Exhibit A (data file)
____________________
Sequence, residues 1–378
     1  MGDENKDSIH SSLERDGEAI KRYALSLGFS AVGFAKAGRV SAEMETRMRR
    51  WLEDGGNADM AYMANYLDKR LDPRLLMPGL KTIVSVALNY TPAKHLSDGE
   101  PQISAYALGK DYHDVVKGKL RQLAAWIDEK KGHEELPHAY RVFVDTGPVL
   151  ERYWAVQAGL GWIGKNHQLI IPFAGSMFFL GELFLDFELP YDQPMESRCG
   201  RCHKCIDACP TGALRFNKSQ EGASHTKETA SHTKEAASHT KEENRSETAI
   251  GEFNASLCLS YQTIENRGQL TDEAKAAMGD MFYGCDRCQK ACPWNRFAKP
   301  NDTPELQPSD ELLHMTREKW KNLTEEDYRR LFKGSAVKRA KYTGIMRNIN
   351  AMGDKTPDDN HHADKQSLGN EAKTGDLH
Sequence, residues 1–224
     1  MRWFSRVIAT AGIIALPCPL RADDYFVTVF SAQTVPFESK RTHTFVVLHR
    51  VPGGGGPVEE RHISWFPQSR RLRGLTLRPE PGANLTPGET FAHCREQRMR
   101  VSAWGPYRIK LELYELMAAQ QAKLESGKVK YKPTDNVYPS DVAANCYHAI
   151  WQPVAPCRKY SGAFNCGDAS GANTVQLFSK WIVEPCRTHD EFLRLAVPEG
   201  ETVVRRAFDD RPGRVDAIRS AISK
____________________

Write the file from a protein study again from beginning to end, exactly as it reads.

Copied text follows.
Sequence, residues 1–378
     1  MGDENKDSIH SSLERDGEAI KRYALSLGFS AVGFAKAGRV SAEMETRMRR
    51  WLEDGGNADM AYMANYLDKR LDPRLLMPGL KTIVSVALNY TPAKHLSDGE
   101  PQISAYALGK DYHDVVKGKL RQLAAWIDEK KGHEELPHAY RVFVDTGPVL
   151  ERYWAVQAGL GWIGKNHQLI IPFAGSMFFL GELFLDFELP YDQPMESRCG
   201  RCHKCIDACP TGALRFNKSQ EGASHTKETA SHTKEAASHT KEENRSETAI
   251  GEFNASLCLS YQTIENRGQL TDEAKAAMGD MFYGCDRCQK ACPWNRFAKP
   301  NDTPELQPSD ELLHMTREKW KNLTEEDYRR LFKGSAVKRA KYTGIMRNIN
   351  AMGDKTPDDN HHADKQSLGN EAKTGDLH
Sequence, residues 1–224
     1  MRWFSRVIAT AGIIALPCPL RADDYFVTVF SAQTVPFESK RTHTFVVLHR
    51  VPGGGGPVEE RHISWFPQSR RLRGLTLRPE PGANLTPGET FAHCREQRMR
   101  VSAWGPYRIK LELYELMAAQ QAKLESGKVK YKPTDNVYPS DVAANCYHAI
   151  WQPVAPCRKY SGAFNCGDAS GANTVQLFSK WIVEPCRTHD EFLRLAVPEG
   201  ETVVRRAFDD RPGRVDAIRS AISK